One answer to this situation is to build communities in our native languages. And this is absolutely part of what we need to do (it is vital), but that doesn’t reduce the role the Anglophone communities are going to play for non-native speakers. Thinking we will quietly disappear when there are enough resources in our native tongues relies on a fundamental misunderstanding of how the English language and the Anglophone internet is used by non-native speakers.
More often than not, we find and access information first on the Anglophone internet. This ties into what Katie already wrote about the internet infrastructure being monopolized by Anglophone/American websites. This is very important to keep in mind, because that means the Anglophone asexual communities will remain the first port of call for many non-native speakers. Furthermore, you’re dealing with a dynamic in which the Anglophone communities (at the moment) are far better organized and more widespread, which gives it more credibility – and that’s not even taking into account that if something is written in English, it’s regarded as more authoritative. So even if the resources are available in multiple languages (and that isn’t the case for so many subjects), people are very likely to find us first, and on top of that are susceptible to think us more credible than resources in their native language.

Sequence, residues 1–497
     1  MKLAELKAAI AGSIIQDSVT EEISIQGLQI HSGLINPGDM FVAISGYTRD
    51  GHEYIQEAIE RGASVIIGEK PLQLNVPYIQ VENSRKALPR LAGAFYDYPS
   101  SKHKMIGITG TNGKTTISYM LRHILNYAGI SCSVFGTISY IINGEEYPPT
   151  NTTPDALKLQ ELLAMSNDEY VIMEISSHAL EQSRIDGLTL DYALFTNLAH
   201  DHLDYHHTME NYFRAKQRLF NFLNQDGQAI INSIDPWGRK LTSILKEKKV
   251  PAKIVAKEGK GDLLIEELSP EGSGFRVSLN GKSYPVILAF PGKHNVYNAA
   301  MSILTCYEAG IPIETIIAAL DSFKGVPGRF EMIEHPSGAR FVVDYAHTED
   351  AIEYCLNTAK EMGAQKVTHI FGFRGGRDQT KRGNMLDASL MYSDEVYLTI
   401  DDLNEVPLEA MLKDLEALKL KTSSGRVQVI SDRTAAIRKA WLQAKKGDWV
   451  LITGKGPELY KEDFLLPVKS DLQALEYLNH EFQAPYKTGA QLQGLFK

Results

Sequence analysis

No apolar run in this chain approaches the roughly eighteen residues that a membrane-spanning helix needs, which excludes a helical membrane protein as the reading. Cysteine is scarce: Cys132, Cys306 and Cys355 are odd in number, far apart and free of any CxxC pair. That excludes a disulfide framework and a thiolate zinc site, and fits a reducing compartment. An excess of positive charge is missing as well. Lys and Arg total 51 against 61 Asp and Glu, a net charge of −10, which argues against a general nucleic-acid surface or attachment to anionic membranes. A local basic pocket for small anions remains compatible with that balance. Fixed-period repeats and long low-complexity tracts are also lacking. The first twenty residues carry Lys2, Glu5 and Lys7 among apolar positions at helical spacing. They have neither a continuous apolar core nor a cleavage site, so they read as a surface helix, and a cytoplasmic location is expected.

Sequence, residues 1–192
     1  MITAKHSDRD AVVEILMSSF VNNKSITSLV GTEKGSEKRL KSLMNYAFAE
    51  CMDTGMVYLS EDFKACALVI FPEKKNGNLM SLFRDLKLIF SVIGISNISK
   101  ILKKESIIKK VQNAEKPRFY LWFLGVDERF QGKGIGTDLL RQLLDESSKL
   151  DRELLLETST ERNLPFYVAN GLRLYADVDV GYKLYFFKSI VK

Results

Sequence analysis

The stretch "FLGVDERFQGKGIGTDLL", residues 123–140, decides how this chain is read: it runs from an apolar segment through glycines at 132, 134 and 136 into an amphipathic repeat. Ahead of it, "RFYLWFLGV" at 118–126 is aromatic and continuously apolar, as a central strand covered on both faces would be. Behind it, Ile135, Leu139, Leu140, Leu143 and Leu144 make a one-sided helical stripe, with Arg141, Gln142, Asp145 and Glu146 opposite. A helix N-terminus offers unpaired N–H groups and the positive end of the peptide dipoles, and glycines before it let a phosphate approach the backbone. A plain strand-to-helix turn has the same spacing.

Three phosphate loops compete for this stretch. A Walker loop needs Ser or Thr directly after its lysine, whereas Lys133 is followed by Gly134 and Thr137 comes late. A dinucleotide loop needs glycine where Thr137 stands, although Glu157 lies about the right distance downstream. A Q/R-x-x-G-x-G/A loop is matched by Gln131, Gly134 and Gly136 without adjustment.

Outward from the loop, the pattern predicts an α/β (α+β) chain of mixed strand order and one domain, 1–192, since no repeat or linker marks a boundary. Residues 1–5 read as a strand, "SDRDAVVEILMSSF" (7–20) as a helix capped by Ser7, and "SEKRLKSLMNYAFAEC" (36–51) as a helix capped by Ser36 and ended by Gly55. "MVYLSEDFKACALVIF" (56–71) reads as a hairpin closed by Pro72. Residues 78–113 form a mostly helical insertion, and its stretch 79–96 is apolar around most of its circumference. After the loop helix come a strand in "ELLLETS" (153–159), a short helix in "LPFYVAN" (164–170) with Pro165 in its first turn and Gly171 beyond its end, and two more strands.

The last, but very important thing that makes the Anglophone communities international is that English is the lingua franca of the world: if we want to organize international activism, exchange experiences, and create an international dialogue, English and Anglophone communities are going to play a vital role in facilitating this.
II. What do I mean when I say we perceive ourselves as exclusively American/Anglophone?
The falsehood of the universality of the American experience is already touched upon by Katie, but that won’t stop me from ramming it home that at the moment, we are explicitly presenting ourselves as an American movement. To illustrate this, I want to talk about the International Asexuality Conference in Toronto, and specifically about the Leadership Q&A panel. The reason for this is because it turns out to be a very good representation of what the average discourse in the Anglophone communities looks like. So instead of talking about our Americentrism in vague terms, I’m going to use this as a concrete example.
What can one reasonably expect when something is advertised as a leadership panel at an international conference? I’d expect a balanced panel that is representative in the nationalities of the panelists and which represents the issues from an international perspective.